“My children, I will be with you only a little while longer.”
Though my husband retired from his work as a hospice chaplain, he continued to visit a few of his former patients and the spouses of a few others for several years afterward. The loss of the last of Mike’s hospice friends returned my thoughts to this important work.
Choosing to accept hospice services is difficult at best. After all, this admission acknowledges the reality that ones days are numbered. The good news is that this admission is also an invitation to pull back some of the artillery and to negotiate peace with ones impending journey home. My husband never ceased to be amazed by the calm which settled upon his patients as they approached their last days. Their acceptance of the things to come seemed to free them to enjoy the days they had while tying up loose ends as best they could. When his patients offered their final farewells, Mike rejoiced with them because they had achieved certain peace at last. Though I didn’t accompany Mike on these journeys, I joined my brother, my mom and my sister when they walked the same path. Like Mike, I was amazed by the calm which enveloped them and by the generosity with which they responded to we who were left behind.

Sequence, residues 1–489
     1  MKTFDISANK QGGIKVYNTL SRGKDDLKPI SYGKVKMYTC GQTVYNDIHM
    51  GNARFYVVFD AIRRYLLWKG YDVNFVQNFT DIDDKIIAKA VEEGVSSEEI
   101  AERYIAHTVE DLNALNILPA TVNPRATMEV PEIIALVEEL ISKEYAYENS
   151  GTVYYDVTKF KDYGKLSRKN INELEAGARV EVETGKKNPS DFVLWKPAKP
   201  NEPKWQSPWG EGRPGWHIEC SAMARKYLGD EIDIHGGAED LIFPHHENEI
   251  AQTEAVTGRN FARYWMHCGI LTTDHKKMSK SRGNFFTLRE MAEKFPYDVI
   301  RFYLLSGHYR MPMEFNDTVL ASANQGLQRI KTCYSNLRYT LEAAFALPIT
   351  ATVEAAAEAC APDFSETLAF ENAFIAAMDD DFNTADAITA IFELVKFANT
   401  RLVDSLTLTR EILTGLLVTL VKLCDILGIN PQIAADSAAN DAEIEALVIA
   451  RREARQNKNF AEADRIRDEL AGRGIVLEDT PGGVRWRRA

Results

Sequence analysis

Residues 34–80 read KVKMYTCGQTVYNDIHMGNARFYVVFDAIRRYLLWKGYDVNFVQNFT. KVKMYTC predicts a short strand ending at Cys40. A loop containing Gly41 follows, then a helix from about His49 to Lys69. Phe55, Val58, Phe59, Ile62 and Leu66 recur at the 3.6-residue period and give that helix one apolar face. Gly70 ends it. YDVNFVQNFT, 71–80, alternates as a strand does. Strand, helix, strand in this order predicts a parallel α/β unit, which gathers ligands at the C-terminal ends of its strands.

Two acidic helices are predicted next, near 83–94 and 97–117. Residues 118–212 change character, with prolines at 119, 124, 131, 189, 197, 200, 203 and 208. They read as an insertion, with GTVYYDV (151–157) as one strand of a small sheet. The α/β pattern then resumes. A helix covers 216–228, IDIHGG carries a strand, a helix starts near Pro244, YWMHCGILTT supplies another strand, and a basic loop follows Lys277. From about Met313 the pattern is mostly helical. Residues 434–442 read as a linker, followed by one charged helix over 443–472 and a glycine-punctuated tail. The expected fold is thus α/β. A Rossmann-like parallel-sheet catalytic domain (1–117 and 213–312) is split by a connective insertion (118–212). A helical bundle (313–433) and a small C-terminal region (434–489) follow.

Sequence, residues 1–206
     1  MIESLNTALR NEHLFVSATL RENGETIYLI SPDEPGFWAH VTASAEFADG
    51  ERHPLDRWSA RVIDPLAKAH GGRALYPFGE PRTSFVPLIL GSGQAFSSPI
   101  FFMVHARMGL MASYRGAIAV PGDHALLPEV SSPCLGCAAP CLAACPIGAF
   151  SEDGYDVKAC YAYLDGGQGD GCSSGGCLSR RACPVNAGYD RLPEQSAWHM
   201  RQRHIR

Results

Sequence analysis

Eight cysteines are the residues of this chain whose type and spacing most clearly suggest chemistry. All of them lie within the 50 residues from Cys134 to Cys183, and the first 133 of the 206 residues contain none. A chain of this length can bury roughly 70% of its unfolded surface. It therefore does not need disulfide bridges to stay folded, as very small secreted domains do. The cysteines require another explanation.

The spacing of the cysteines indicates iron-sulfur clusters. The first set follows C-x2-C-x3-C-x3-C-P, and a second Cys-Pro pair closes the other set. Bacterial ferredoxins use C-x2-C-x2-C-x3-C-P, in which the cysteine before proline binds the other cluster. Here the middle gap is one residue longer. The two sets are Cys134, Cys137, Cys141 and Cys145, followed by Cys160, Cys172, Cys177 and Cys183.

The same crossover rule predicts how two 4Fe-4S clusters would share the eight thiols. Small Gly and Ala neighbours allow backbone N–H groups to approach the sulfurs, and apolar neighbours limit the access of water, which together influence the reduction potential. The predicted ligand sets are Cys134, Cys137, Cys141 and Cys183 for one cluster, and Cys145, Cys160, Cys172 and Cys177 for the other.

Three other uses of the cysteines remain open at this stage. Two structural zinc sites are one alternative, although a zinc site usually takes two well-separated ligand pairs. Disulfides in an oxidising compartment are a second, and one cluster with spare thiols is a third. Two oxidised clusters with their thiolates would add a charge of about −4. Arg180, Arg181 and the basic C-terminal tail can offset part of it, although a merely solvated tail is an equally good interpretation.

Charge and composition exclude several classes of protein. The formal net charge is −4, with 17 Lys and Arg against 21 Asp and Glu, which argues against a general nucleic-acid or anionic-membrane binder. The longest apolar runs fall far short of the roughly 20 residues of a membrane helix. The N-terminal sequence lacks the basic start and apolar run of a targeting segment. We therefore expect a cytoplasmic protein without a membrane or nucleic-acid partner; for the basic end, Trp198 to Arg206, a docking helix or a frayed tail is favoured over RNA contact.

That first Holy Week, Jesus knew that his days were numbered as well. Still, Jesus took the time to savor his last meal with his friends. Jesus took the time to reflect and to embrace what lay ahead. While others planned his demise, Jesus’ acceptance freed him to share his final lessons with those he loved.
Dear God, while I walk with Jesus this week, fill me with the peace and courage which allowed Jesus to love us even as he endured his passion.
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